Urban Assemblage: The City as Architecture, Media, AI and Big Data , London, England, 28 - 30 June 2021, vol.25, pp.58-66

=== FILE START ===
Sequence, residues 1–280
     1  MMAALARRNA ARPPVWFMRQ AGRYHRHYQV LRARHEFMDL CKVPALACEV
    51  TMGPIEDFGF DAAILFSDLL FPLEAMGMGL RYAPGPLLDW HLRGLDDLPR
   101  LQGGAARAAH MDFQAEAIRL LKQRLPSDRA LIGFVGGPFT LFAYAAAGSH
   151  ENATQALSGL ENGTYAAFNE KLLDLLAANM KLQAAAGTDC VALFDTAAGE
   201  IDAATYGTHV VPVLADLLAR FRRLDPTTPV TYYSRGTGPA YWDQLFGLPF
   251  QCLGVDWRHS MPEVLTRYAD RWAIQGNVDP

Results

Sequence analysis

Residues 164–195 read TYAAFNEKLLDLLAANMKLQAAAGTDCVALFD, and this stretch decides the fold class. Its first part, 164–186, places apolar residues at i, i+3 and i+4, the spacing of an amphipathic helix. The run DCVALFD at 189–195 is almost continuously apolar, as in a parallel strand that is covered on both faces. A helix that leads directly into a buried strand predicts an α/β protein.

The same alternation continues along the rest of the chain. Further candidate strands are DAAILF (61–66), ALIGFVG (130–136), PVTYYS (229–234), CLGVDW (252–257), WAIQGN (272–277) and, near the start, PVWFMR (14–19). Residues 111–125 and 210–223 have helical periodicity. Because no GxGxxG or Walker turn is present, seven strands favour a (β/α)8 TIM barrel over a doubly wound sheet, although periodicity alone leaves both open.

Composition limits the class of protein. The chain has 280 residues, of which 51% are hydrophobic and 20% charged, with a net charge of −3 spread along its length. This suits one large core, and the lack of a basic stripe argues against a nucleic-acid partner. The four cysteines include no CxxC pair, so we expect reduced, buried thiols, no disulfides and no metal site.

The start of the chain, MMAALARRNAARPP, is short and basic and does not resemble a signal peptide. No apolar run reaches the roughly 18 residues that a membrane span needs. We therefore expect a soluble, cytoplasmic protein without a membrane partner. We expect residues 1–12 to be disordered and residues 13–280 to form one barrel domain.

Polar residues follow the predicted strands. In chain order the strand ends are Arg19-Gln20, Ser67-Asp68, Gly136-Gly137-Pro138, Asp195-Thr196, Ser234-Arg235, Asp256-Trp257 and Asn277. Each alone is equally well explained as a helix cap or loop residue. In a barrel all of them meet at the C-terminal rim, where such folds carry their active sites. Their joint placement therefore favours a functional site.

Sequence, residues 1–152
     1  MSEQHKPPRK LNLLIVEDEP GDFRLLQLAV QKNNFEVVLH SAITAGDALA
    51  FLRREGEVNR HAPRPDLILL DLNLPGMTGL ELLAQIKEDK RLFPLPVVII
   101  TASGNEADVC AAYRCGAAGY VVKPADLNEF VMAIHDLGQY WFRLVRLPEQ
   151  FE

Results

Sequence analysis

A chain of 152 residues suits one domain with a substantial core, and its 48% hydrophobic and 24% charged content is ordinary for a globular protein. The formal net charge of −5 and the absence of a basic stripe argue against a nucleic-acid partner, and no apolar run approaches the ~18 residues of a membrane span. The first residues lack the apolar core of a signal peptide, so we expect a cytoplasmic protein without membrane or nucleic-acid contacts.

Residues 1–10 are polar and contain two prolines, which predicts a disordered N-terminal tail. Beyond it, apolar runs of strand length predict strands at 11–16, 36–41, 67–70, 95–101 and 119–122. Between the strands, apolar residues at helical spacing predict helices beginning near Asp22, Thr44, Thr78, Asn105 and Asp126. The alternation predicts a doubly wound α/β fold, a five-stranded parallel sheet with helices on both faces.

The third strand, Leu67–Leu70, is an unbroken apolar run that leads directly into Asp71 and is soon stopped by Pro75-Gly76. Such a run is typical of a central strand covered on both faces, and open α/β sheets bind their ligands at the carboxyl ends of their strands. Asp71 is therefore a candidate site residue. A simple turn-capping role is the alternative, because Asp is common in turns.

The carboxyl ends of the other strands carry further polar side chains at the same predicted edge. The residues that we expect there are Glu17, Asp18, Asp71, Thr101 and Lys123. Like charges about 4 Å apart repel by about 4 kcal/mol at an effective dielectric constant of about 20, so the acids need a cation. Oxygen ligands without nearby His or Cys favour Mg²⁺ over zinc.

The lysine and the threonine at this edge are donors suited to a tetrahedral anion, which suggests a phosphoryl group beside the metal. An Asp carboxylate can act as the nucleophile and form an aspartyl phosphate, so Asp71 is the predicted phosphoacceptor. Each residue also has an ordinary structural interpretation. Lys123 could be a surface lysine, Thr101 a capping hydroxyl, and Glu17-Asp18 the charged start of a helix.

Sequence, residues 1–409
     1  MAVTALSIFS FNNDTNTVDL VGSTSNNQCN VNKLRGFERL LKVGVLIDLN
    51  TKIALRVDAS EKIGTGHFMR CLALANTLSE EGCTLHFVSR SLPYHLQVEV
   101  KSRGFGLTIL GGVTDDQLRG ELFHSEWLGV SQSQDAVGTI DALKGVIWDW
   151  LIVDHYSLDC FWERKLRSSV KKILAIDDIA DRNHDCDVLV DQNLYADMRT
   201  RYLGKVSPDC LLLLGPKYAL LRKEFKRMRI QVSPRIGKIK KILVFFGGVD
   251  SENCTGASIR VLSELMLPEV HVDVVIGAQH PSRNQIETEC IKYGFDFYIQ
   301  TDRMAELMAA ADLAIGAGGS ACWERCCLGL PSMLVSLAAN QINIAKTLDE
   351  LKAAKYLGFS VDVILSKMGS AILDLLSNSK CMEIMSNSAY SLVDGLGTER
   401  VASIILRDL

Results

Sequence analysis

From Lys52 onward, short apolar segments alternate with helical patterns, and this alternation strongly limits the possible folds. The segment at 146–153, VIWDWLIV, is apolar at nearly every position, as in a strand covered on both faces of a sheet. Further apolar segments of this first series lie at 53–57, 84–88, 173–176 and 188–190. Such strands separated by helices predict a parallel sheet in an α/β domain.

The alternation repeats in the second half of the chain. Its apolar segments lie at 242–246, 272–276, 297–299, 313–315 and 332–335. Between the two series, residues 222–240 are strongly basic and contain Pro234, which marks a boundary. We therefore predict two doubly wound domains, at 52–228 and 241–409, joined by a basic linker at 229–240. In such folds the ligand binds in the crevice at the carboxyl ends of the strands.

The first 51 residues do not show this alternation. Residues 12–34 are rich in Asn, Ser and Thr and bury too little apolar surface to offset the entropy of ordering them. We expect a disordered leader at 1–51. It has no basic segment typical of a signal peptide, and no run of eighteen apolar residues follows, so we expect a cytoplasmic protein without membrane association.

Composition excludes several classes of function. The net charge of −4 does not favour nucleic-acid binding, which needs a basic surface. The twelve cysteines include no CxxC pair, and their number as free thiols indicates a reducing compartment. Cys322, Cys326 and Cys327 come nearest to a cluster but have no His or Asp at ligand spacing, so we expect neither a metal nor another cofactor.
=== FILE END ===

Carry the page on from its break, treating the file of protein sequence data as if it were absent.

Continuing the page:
Based on Jeremy Bentham's panopticon design (1785) as the architectural manifestation of surveillance, Foucault theorizes how modern societies are built upon the relationship between power and knowledge operated by surveillance, self-regulation, and participation. With the development of information and communication technologies, these power and surveillance mechanisms expand beyond the spatial boundaries. During the Covid-19 pandemic, the measures against the disease such as tracing, quarantine, and especially virtual surveillance to provide order and discipline for the public health with the citizens' compliance create panopticon-like organizations. With the locative media and surveillance, exemplified by the mobile application called 'Hayat Eve Sığar' (literally translated as 'life fits into home'), which is a part of the official precautionary measures against the Covid-19 disease in Turkey to trace and isolate the diseased, surveillance mechanisms become a binary system incorporating physical and virtual spaces. The 'Hayat Eve Sığar' application tracks the health statuses of the individuals and residences like the panopticon cells and shares the necessary information to protect the public. It transforms the perception and interpretation of space through the mediation of information and communication. In this regard, this study aims to investigate the intersections and ambiguity between information and surveillance, security and control, physical and virtual, urban places and electronic spaces, the public, and private spheres.